Performers remarked on the difficulty of travelling through international airports with over 40 Muslim men named ‘Khan’, but ended each show with a final bhajan (Hindu devotional song) dedicated to Lord Krishna, reminding international audiences that their tradition transcends boundaries of faith.

Rajasthan also has a strong classical tradition, as the birthplace and home of the classical Jaipur-Atrauli gharana - one of the four main stylistic schools of music and dance of North India. Its style and repertoire was evolved foremost from the Dagar lineage of Dhrupad music.

The modern Jaipur-Atrauli gharana is distinctively recognised by its crooked and complex melodic phrases that require a high degree of skill to perform. The gharana became formally recognised around the early half of the 20th century, though its ancestral lineage goes back to the famous Swami Haridas, a spiritual poet and classical musician. Two of his most famous students were Tansen - one of the ‘nine jewels’ of Emperor Akbar’s court, and Baiju, a legendary composer and Dhrupad singer.

Four to five generations later, Natthu Khan and Mantol Khan became two legends of the Jaipur gharana. Interestingly, akin to the Manganiar’s liberal approach to their repertoire, they followed both Hindu and Muslim traditions. Their succesor, Alladiya Khan wore the sacred thread and traditional dress of a Hindu, yet dedicatedly said his namaz (Muslim prayers) daily. His compositions praise Hindu gods and Allah with equal enthusiasm.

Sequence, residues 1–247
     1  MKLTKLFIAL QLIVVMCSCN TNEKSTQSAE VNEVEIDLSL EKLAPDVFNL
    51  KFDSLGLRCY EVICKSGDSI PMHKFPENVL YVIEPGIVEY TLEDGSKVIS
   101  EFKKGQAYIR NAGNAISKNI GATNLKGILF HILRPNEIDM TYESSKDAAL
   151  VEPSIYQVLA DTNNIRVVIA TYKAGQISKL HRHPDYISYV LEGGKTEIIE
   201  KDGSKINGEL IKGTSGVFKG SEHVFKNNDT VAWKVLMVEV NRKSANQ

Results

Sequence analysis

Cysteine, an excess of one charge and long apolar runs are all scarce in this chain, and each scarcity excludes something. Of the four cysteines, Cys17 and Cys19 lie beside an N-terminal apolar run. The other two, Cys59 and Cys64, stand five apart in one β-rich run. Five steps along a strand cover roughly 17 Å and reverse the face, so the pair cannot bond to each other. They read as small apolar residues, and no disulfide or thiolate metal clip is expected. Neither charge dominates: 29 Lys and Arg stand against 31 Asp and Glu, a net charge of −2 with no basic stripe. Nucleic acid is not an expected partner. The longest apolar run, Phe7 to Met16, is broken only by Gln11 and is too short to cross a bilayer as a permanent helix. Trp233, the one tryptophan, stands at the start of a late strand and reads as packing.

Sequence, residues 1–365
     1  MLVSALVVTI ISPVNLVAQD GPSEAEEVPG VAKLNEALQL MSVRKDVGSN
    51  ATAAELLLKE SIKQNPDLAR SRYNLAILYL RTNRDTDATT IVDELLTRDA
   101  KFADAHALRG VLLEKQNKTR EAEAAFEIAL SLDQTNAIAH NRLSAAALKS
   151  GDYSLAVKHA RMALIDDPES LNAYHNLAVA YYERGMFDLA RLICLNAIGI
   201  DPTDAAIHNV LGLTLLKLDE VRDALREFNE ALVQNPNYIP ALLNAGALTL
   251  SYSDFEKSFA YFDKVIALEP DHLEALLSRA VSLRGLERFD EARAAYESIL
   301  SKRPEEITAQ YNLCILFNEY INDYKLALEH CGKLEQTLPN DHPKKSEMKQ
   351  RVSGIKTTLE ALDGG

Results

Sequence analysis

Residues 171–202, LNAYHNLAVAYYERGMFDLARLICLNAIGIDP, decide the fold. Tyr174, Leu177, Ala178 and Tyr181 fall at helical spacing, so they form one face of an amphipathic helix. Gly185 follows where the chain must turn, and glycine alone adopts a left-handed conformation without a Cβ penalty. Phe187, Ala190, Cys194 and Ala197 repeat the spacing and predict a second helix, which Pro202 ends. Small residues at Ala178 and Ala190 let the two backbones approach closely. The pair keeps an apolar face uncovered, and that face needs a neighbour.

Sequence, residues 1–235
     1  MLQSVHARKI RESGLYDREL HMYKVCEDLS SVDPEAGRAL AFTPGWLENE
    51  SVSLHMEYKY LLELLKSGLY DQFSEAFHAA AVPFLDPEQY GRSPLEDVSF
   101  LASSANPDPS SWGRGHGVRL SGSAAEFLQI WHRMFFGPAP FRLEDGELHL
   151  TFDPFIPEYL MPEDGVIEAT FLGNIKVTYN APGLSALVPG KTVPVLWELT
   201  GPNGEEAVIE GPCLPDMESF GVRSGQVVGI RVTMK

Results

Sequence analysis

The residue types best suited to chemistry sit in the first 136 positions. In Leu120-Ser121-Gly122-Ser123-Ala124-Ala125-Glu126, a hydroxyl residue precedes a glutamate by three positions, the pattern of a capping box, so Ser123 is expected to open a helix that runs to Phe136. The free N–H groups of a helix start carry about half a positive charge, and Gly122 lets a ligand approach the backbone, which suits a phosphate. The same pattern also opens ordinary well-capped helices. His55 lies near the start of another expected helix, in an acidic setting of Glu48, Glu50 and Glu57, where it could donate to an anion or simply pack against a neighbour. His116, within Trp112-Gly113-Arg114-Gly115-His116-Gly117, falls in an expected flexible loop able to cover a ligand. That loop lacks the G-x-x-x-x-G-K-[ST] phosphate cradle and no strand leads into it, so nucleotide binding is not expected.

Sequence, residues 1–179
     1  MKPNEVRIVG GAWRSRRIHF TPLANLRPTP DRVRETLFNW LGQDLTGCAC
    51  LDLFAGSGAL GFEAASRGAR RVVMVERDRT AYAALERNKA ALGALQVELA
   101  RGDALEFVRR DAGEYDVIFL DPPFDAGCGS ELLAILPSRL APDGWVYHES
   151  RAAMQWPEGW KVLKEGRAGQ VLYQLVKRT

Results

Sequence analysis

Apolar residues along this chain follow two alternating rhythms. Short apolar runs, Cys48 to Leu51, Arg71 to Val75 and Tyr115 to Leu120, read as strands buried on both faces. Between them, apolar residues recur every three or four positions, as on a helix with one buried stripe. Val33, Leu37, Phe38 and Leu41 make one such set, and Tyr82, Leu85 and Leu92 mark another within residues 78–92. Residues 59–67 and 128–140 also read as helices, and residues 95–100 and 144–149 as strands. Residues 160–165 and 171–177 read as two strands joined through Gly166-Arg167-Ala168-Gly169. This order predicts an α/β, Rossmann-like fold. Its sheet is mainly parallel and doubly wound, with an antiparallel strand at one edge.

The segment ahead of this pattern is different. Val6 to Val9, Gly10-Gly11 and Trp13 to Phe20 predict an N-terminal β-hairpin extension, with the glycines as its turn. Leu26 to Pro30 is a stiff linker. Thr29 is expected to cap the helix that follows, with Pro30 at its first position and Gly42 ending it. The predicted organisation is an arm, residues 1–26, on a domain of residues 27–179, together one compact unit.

Many generations later, the successors of these Jaipur-Atrauli pioneers are among some of the most respected names in Hindustani music - Srimati Kishori Amonkar, Shruti Sadolikar-Katkar, Ulhas Kashalkar, Arati Ankalikar-Tikekar, and Ashwini Bhide-Deshpande - many of whom have performed at previous Darbar festivals.

Rajasthan is also home to the less famous Mewati gharana, whose most prominent contemporary exponents are Pandit Jasraj and Kala Ramnath. Pandit Jasraj describes the Mewati gharana as being distinctive in including an extensive number of devotional bhajans in its repertoire, as well as having a ‘Sufi-like feel’.

Listen to the music -The karatala and dholak in action. 

More info and interviews on The Manganiyar Seduction: -Documentary about Manganiyar music featuring female singer Rukma Bai.

Watch an excerpt from The Manganiyar Seduction. 

Jaipur-Atrauli gharana exponent Pandit Ulhas Kashalkar singing at Darbar Festival 2011.

Jaipur-Atrauli gharana exponent Dr. Ashwini Bhide-Deshpande singing at Darbar Festival 2018.

Mewati gharana violinist Kala Ramnath playing at Darbar Festival 2006.

Jahnavi Harrison is a multi-disciplinary artist, specialising in vocal music, Kirtan meditation, and Indian devotional dance.

Darbar believes in the power of Indian classical music to stir, thrill, and inspire. Explore our YouTube channel, or subscribe to the Darbar Concert Hall to watch extended festival performances, talks and documentaries in pristine HD & UHD quality.